In conclusion, the proposed expert-annotated dataset presents a heterogeneous, real-world dataset consisting of fluorescence images of nuclei of commonly used tissue preparations showing varying imaging conditions, sampled using different magnifications and modalities. The dataset can be used to train and evaluate machine learning-based nuclear image segmentation architectures, thereby challenging their ability to segment each instance of partially highly agglomerated nuclei.


Patient samples

Tumor (\(n\) = 4) and bone marrow (\(n\) = 4) samples of stage M neuroblastoma patients, the Schwann cell stroma-rich part of a patient with a ganglioneuroblastoma tumor and one wilms tumor patient were obtained from the Children’s Cancer Research Institute (CCRI) biobank (EK.1853/2016) within the scope of ongoing research projects. In addition, two patient-derived neuroblastoma cell lines (CLB-Ma, STA-NB10) were used. Written informed consent has been obtained from patients or patient representatives. Ethical approval for IF staining and imaging was obtained from the ethics commission of the Medical University of Vienna (EK1216/2018). All authors confirm that we have complied with all relevant ethical regulations.

Preparation and IF-staining of tumor tissue cryosections

The fresh-frozen tumor tissues of one ganglioneuroblastoma patient, one neuroblastoma patient and one Wilms tumor patient were embedded into tissue-tek-OCT and 4 \(\mu m\) thick cryosections were prepared. Sections were mounted on Histobond glass slides (Marienfeld), fixed in 4.5% formaledhyde and stained with 4,6-diamino-2-phenylindole (DAPI), a blue fluorescent dye conventionally used for staining of nuclei for cellular imaging techniques. Finally, slides were covered with Vectashield and coverslips were sealed on the slides with rubber cement.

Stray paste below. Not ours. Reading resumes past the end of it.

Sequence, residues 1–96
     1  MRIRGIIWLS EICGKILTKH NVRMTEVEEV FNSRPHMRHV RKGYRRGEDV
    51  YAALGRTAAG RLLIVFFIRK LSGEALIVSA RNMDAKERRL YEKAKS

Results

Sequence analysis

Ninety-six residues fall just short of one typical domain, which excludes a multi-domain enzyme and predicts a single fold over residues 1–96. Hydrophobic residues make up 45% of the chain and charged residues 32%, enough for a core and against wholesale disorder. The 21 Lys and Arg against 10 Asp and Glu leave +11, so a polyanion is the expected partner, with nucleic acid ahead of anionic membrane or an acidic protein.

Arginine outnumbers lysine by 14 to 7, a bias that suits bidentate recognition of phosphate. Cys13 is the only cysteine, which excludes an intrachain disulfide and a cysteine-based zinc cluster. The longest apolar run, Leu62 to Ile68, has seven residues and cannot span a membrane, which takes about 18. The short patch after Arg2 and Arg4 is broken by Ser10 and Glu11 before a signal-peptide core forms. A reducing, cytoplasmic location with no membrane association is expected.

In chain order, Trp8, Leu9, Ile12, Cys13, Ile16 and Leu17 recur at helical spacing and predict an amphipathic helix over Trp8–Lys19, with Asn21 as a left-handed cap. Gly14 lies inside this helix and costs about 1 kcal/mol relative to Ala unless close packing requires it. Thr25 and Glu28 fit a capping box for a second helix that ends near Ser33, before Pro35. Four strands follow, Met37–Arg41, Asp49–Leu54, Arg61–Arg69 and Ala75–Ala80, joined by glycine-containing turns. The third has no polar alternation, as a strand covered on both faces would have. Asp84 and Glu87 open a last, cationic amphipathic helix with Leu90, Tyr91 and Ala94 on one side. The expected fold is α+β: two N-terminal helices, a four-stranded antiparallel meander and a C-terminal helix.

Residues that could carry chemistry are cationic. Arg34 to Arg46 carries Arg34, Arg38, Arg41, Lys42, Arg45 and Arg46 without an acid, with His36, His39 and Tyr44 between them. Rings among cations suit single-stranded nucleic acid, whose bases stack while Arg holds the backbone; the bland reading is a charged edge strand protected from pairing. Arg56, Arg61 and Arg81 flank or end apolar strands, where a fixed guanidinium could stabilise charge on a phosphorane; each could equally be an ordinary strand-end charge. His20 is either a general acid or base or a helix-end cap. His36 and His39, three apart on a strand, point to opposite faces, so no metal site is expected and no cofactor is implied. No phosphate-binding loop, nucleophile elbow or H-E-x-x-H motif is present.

Preparation and IF-staining of HaCaT human skin keratinocyte cell line

The HaCaT cell line, a spontaneously transformed human epithelial cell line from adult skin20, was cultivated either in culture flasks or on microscopy glass slides. Cell cultures were irradiated (2 and 6 Gy), harvested, cytospinned, air-dried and IF stained. Cells grown and irradiated on the glass slides were directly subjected to IF staining. Cells were fixed in 4% formaldehyde for 10 minutes at 4 °C, and were permeabilized with 0.1% sodium dodecyl sulfate (SDS) in PBS for 6 minutes. Slides were mounted with antifade solution Vectashield containing DAPI and coverslips were sealed on the slides with rubber cement.

Preparation and IF-staining of tumor touch imprints and bone marrow cytospin preparations

Touch imprints were prepared from fresh primary tumors of 4 stage M neuroblastoma patients as previously described21. Mononuclear cells were isolated from bone marrow aspirates of 3 stage M neuroblastoma patients by density gradient centrifugation and cytospinned as described22. After fixation in 3.7% formaldehyde for 3 minutes, cells were treated according to the Telomere PNA FISH Kit Cy3 protocol (Dako), mounted with Vectashield containing DAPI, covered and sealed.

Preparation and IF-staining of neuroblastoma cell line cytospin preparations